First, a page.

NorStruct seminar announcement
Engineering bispecific antibodies
Dr. Christian Klein
Roche Innovation Center Zurich
Wednesday October 5th, 2016, 12:15-13:00
The major challenge in the generation of bispecific IgG antibodies is enforcement of the correct heavy and light chain association. Various technologies have been developed during the last years to tackle this challenge. This presentation will review different technologies with a focus on CrossMAb technology. The correct association of generic light chains can be enabled using immunoglobulin domain crossover, known as CrossMAb technology, which can be combined with approaches enabling correct heavy chain association such as knobs-into-holes (KiH) technology or electrostatic steering. Since its development, this technology has proven to be very versatile, allowing the generation of various bispecific antibody formats, not only heterodimeric/asymmetric bivalent 1+1 CrossMAbs, but also tri- (2+1), tetravalent (2+2) bispecific and multispecific antibodies. Numerous CrossMAbs have been evaluated in preclinical studies, and, so far, 4 different tailor-made bispecific antibodies based on the CrossMAb technology have entered clinical studies.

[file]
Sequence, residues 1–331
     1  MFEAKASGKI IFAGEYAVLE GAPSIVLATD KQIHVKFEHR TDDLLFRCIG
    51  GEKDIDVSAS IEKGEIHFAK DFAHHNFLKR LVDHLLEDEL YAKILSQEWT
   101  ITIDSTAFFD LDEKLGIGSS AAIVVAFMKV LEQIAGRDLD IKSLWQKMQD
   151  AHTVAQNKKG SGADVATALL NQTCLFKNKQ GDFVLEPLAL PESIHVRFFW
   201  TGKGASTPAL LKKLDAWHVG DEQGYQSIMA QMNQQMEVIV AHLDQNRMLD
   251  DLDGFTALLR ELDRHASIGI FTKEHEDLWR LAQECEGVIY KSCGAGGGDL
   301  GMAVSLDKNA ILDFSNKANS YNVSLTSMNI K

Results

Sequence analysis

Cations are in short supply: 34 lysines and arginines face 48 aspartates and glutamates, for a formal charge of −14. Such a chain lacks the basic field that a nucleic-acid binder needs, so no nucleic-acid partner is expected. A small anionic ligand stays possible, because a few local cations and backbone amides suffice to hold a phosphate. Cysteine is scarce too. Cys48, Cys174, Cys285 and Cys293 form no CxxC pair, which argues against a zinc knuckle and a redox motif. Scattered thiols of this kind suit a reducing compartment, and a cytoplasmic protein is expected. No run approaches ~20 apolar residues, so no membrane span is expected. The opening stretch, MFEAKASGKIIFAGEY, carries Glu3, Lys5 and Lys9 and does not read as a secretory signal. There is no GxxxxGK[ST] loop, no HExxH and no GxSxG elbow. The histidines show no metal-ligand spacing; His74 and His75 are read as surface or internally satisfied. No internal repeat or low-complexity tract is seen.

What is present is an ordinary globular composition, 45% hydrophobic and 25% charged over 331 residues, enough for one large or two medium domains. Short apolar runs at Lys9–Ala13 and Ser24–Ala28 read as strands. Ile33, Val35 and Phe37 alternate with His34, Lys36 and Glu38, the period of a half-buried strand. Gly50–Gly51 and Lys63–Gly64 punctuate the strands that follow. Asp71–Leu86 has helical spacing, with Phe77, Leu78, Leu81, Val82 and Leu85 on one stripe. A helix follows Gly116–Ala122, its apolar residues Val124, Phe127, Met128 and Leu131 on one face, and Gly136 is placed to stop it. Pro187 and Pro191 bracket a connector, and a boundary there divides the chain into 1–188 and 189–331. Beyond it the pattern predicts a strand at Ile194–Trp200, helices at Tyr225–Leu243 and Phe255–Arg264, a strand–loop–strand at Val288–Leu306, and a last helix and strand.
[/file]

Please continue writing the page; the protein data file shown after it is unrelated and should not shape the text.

Christian Klein is Head of Oncology Programs and Department Head Cancer Immunotherapy Discovery at the Roche Innovation Center Zurich, Roche Pharmaceutical Research & Early Development specialized in engineering of (bispecific) antibodies and the discovery, validation and preclinical development of antibody-based Cancer Immunotherapy. He has made major contributions to the development and FDA/EMA approval of GAZYVA/GAZYVARO (obinutuzumab, GA101), to the preclinical development of the bispecific Ang-2/VEGF CrossMAb RG7221 (vanucizumab), the CEA-IL2v (RG7813) and FAP-IL2v (RG7461) immunocytokines, and to the development of Roche's immunocytokine and T cell bispecific antibody platform including CEA TCB (RG7802). As a research project team leader he currently takes care of a number of novel preclinical stage antibody-based cancer immunotherapy projects.